By JONATHAN SOROS - In his election-night victory speech, Barack Obama said he would be a president for all Americans, not just those who voted for him. But as a candidate he didn't campaign with equal vigor for every vote. Instead, he and John McCain devoted more than 98% of their television ad spending and campaign events to just 15 states which together make up about a third of the U.S. population. Today, as the Electoral College votes are cast and counted state-by-state, we will be reminded why. It is the peculiar mechanics of that institution, designed for a different age, that leave us divided into red states, blue states and swing states. That needs to change.
The Electoral College was created in 1787 by a constitutional convention whose delegates were unconvinced that the election of the president could be entrusted to an unfiltered vote of the people, and were concerned about the division of power among the 13 states. It was antidemocratic by design.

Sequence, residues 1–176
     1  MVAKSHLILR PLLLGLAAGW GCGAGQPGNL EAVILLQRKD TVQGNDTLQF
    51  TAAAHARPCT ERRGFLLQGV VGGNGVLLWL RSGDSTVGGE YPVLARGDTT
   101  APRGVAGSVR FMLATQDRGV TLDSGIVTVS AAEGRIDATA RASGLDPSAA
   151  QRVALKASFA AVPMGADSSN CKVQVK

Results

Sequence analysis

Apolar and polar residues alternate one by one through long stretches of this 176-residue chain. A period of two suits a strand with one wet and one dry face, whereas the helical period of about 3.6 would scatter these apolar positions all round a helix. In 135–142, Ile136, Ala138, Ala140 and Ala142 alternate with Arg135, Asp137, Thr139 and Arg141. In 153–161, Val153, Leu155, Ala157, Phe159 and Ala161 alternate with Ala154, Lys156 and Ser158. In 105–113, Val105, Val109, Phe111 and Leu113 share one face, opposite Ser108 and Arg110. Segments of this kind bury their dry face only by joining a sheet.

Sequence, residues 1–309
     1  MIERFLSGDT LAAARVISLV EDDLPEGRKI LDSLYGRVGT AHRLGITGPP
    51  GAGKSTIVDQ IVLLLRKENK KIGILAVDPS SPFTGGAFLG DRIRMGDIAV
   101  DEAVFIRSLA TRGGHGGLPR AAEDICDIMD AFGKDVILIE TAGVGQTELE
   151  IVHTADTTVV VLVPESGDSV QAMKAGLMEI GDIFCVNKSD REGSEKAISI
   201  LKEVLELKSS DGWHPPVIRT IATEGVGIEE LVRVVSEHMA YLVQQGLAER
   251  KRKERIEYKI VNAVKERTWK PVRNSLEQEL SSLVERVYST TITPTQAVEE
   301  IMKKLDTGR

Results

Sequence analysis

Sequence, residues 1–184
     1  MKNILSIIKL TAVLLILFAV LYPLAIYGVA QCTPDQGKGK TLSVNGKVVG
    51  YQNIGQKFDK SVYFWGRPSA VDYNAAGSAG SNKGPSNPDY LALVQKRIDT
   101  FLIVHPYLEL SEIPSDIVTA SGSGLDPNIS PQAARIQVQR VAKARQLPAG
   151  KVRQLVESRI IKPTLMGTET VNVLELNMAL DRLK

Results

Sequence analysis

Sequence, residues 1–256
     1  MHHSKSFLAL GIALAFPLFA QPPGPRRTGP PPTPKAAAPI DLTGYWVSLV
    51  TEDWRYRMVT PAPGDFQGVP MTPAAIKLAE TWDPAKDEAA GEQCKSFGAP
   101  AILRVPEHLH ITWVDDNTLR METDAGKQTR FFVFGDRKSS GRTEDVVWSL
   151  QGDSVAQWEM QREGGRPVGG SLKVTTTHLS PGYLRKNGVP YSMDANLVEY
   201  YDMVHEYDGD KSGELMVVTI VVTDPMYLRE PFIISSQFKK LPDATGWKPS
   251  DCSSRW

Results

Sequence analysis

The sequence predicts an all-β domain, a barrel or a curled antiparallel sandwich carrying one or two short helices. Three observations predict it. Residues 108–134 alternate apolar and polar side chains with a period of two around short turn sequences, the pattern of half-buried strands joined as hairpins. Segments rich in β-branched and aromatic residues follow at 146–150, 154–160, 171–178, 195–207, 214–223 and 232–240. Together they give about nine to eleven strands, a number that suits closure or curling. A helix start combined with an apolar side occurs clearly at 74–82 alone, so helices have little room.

Under the system, each state receives votes equal to the number of representatives it has in the House plus one for each of its senators. Less populated states are thus overrepresented. While this formula hasn't changed, it no longer makes a difference for the majority of states. Wyoming, with its three electoral votes, has no more influence over the selection of the president or on the positions taken by candidates than it would with one vote.
We often forget that the power to appoint electors is given to state legislatures, and it is only because they choose to hold a vote that Election Day is at all relevant for us. Nowhere is a popular election constitutionally required. And, as the 2000 election reminded us, the winner of the popular vote is not guaranteed to become president.
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